It’s not just the UK, as the same concerns crop up in the US. The palpable lack of positive representation, or any representation at all, prompted an eleven-year-old girl called Marley Dias from New Jersey, to speak up. Dias was tired of the books she was made to read at school being all about ‘white boys and their dogs,’ she wanted something for her, that looked like her, that empowered her.
So #1000blackgirlbooks was born. Dias’ campaign would go on to collect and donate 1000 books with a black girl as the main character. The simple fact that a little girl knew something was wrong speaks volumes. The success of her drive to get more books for black girls into schools made publishers sit up and take notice. Dias reached her goal with the help of some of the biggest players in American books, like Barnes and Noble. Hats off to Dias but it seems astonishing that it took a child to point out the flaws in the system.
Despite a challenging environment minority authors continue to fight adversity and their talent flourish and the current upsurge in successes should not be mistaken for a trend. Reni Eddo-Lodge’s ‘Why I’m No Longer Speaking to White People About Race,’ which is a timely clarion call for how to approach racism in British society today, has been a runaway success. The book has smashed all bestseller lists and been described as ‘one of the most important books of 2017.’ Perhaps a few short years ago the publisher Bloomsbury would have considered the book a risk.
‘Slay in Your Lane,’ ‘Little Black Book’ and ‘What a Time to Be Alone’ are all non-fiction books written by young black women about life, work and health. Each have held their own on the hitlists this year and more will come. ‘Slay in Your Lane’ is a survival guide for young black women in the UK; a book that the authors felt was missing. The book was fought over by no less than nine publishers who all wanted to secure the book for their list. Then there’s The Good Journal, a new crowd-funded literary quarterly set up by Nikesh Shukla. The Barelit literary festival for writers of colour, held its third annual event. Plus there has been a stirring revival of print magazines with projects like Gal-Dem and Plantain Papers leading the way. Good moves are absolutely happening, with the commercial and critical victories speaking for themselves.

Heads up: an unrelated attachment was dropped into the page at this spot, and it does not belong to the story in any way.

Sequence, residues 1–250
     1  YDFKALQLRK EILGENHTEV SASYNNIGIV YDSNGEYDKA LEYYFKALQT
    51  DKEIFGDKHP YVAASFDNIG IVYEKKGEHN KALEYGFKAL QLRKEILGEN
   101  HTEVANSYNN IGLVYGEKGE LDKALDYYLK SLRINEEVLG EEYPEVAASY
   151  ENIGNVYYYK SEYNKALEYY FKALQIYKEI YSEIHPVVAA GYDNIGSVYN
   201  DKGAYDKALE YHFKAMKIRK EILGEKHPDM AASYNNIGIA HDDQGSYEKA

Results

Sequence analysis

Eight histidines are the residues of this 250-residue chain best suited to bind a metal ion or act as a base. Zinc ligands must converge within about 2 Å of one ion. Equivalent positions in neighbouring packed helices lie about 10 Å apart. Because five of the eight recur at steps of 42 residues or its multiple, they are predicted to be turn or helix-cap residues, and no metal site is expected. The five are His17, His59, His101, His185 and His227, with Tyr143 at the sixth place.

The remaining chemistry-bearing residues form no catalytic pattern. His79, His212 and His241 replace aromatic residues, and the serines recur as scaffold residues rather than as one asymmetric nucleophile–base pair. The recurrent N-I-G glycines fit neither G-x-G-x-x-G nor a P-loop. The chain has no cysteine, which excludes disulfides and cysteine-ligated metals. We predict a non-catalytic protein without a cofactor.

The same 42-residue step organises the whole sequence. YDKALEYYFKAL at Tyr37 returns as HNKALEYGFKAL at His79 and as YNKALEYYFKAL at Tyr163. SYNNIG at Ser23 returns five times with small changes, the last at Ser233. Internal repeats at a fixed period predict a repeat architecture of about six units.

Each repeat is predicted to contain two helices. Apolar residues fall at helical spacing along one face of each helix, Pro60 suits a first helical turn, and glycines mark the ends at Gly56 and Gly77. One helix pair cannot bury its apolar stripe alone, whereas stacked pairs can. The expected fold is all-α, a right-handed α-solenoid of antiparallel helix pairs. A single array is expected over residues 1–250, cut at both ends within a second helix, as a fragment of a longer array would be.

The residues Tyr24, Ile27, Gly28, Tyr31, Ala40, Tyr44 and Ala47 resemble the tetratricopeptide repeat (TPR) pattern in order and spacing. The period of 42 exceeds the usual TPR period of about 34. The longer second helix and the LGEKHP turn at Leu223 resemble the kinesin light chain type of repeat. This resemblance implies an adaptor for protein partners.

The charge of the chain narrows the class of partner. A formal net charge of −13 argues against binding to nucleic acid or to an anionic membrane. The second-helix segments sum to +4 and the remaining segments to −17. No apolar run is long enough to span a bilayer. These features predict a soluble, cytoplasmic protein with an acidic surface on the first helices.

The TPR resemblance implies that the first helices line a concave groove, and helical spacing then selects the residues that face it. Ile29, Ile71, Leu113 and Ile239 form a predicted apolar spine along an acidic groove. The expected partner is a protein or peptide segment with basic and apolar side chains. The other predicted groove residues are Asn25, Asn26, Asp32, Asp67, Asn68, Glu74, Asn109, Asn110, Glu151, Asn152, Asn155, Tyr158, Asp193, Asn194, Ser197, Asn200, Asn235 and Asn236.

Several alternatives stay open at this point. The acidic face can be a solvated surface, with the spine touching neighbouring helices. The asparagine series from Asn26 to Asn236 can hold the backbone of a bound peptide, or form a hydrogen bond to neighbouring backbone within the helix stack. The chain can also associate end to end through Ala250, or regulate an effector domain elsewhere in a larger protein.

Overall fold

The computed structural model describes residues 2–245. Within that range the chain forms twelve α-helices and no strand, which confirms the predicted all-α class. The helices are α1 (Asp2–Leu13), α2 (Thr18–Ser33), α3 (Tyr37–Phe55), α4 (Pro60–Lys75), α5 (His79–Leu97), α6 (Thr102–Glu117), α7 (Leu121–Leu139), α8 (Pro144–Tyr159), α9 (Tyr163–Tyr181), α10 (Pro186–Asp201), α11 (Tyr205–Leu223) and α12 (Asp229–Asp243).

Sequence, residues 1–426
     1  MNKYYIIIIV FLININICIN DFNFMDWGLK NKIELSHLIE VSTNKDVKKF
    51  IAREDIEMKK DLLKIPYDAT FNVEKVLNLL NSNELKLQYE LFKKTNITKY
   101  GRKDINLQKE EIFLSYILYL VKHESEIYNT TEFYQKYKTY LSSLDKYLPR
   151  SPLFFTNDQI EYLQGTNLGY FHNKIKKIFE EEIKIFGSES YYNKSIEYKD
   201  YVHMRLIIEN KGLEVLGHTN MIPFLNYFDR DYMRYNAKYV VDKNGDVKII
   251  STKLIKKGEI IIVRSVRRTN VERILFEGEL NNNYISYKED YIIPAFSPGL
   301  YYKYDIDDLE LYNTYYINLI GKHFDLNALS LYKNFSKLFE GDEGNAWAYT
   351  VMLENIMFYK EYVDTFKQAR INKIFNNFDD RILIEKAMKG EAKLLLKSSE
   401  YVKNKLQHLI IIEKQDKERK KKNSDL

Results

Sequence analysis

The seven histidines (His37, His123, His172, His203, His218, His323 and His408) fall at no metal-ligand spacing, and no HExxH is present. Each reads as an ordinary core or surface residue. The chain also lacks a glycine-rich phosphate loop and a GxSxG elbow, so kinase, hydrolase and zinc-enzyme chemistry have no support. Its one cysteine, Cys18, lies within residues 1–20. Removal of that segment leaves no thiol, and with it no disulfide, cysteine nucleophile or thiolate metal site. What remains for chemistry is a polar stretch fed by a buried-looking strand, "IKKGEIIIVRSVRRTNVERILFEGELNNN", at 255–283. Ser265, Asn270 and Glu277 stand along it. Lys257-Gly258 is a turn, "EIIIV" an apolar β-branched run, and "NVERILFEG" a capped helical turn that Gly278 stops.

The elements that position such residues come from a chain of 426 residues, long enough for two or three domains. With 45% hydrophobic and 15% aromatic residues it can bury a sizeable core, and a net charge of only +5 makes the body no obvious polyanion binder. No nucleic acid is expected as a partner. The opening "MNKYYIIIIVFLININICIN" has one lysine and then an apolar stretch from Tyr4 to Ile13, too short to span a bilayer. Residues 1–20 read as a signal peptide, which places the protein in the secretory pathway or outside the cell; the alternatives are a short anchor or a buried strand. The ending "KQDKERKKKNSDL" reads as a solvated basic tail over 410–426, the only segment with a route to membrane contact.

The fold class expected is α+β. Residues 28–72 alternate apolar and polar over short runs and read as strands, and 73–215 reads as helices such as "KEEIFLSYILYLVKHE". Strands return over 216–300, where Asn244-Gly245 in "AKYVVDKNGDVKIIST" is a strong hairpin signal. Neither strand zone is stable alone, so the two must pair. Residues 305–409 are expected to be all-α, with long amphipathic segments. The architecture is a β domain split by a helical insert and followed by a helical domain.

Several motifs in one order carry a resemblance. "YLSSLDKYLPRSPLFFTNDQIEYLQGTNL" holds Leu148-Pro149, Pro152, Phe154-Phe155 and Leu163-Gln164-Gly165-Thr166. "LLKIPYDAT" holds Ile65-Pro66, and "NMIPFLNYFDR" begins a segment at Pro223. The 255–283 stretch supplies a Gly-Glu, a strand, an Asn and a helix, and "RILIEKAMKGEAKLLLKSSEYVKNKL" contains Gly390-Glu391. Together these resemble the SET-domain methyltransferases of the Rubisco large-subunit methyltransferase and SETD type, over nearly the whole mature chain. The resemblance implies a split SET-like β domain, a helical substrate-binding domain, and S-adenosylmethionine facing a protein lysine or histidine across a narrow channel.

Books by ethnic minority authors about ‘BAME’ issues are not simply for black people. Why should these authors be unduly categorised into writing about identity? Many of the so-called mainstream books that grace an English Literature degree course at a university, studied by students of all backgrounds by white authors, are not considered as for white people but for all. Books with a range of stories should be accessible to all. Underrepresented authors should be able to write whatever stories they want without being confined to a corner of the bookshop or a specialised bit of the curriculum.
Marlon James (pictured above) won the prestigious Man booker prize in 2015 with his debut novel. ‘A Brief History of Seven Killings’ was rejected 80 times before finally being taken on by One World. James himself has said in a Facebook post that writers of colour spend too much time ‘pandering to white women.’ He makes the point that, as the majority of readers are white women, had he written a story specifically aimed at that demographic he would have been published long before. Choosing his story, a fictional account of a pivotal moment in Bob Marley’s Jamaica, meant striking outside of that canon. It was James’ lack of compromise that paid off. It also illustrates that the small independents like Oneworld and others such as Canongate and Bloomsbury, have embraced diversity without the need for highly publicised specific initiatives.
The well-established cycle of underrepresentation needs to be broken. It starts with the hiring within publishing houses, which leads to less diverse writers being published. Fewer children see themselves in books and less will continue their passion for reading. Those very same children do not see reading as a lifetime, enriching habit or even publishing as a viable career path. The need for diversity in publishing is not just one of morality; it simply makes good business sense. Slowly publishers are catching on to the right thing to do and the power of a young, highly educated section of society who read and are simply not being catered for. Publishing in the UK has a problem with diversity that can no longer be ignored.